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Personal Development
January 9, 2024


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Remarkable as it is, it turns out that Larry Miller’s foundational role in the creation of the iconic Air Jordan—a thriving, multibillion-dollar enterprise almost two decades after basketball legend Michael Jordan’s retirement—is only half the inspiring story.

For years, Miller has been admired in business circles for his part in turning the former Chicago Bulls star into what Licensing Global, the trade publication of the licensing industry, has called “The Business G.O.A.T.” (Greatest of All-Time) when it comes to branding.

But just recently has it emerged that in fashioning a coveted footwear and apparel line that ignored some of the conventional business rulebook, Miller was also embodying a personal transformation. One that offers hope to those who may fear that youthful wrong choices disqualify them from any prospects of a better life.

After a half-century of silence, Miller revealed in a book earlier this year that he’d served time in prison for killing someone at age 16, before going on to turn his life around and become one of the most celebrated innovative business executives of recent times.

While he can’t undo that terrible 1965 event—“something that I regret every single day of my life.,, every day”—he hopes that his example of redemption may help prevent others from becoming victims of gang life. In telling all, he wants those who have ended up on the wrong side of the law to know that they can start over… and others to understand that giving people a second chance is worthwhile.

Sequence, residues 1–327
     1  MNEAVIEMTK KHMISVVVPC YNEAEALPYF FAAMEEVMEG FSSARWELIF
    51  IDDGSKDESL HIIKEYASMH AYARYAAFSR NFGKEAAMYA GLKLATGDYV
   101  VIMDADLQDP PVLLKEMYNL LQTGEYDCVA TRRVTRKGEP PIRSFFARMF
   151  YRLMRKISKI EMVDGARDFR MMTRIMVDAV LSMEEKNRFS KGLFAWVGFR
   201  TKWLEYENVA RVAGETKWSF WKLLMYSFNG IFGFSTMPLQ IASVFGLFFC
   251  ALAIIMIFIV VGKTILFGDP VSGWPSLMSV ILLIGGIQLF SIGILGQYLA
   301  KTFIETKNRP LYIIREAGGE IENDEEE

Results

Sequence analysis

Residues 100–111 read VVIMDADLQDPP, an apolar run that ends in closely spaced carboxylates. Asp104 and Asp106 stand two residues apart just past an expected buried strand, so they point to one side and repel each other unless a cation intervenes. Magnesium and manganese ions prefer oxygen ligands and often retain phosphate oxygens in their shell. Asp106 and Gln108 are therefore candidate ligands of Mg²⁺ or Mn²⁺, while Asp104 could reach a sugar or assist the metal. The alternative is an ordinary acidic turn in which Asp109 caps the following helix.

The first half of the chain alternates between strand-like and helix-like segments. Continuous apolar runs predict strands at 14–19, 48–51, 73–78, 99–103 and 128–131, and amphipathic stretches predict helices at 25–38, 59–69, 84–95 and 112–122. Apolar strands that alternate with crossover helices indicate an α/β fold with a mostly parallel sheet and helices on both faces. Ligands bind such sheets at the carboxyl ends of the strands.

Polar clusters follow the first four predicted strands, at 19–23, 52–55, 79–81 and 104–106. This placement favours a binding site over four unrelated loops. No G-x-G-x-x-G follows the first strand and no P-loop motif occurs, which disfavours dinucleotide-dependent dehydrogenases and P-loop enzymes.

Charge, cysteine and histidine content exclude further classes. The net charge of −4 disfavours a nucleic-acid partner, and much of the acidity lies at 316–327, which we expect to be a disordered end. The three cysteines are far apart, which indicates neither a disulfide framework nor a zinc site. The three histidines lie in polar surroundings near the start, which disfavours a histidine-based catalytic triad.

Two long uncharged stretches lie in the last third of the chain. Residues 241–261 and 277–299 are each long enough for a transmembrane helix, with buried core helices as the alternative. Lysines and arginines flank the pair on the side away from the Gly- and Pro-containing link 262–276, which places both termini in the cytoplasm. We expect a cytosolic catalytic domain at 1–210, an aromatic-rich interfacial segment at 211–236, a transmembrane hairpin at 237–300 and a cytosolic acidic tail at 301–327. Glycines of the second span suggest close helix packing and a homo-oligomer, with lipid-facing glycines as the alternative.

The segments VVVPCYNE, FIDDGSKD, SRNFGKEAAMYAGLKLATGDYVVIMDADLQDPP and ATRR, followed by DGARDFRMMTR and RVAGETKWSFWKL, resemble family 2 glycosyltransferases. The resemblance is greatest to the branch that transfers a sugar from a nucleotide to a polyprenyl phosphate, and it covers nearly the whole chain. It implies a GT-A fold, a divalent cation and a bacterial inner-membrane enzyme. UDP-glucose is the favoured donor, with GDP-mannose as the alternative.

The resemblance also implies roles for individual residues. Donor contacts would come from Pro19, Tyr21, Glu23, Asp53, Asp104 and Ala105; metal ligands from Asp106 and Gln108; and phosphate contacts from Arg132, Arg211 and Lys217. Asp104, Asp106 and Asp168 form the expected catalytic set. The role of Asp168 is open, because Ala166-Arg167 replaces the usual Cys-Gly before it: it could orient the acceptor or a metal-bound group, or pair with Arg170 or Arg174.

Ending up behind bars in his teens didn’t seem to be in the cards. Miller grew up in Philadelphia as “a straight-A student, a teacher’s pet kind of kid.” But the “lure of the streets” began to tug, and he ended up joining a gang at 13. “Instead of trying to impress parents and teachers, it was more about impressing people in the street.”
That led to the fateful encounter with a young man who had no gang affiliation. “Myself and a few other guys were drunk drinking cheap wine. I had a gun and a friend of mine, one of my gang members, had been killed not too long before that,” Miller recalls. “We went out looking for someone… it was an uncalled-for situation. I shot him and he died.”

Released after four-and-a-half years, Miller soon found himself back inside for armed robbery. It seemed that his future trajectory was set. But, enrolling in an educational release program that allowed him to go to school, “I started to believe that I could really change my life.” It was a crossroads time: “And I think for a lot of folks in that situation, that’s really what it comes down to: Can you really change your perception of yourself and believe that you can really do something other than the things that you were doing?” Miller decided that, yes, he could, earning a degree from Temple University.

He laments that fresh-start program isn’t available anymore. “Every time you go back [to jail], it’s the same people, because we’re all caught up in this cycle where you go to jail, you don’t do anything to change your mentality, you get back out and you do the same thing and you end up back in jail again. Fortunately, I was able to break that and that program was what allowed me to do it.”

Driving business
Miller’s second act really started to take off when he went to work for Nike and was given the job of launching the Michael Jordan brand as a separate entity. Some folks doubted it could happen because the superstar player was close to hanging up his own shoes, so the height of his marketing appeal appeared to be over. Clearly not the case: from initial $150 million annual revenues, Air Jordan and its associated gear have grown to a $5 billion global empire. How?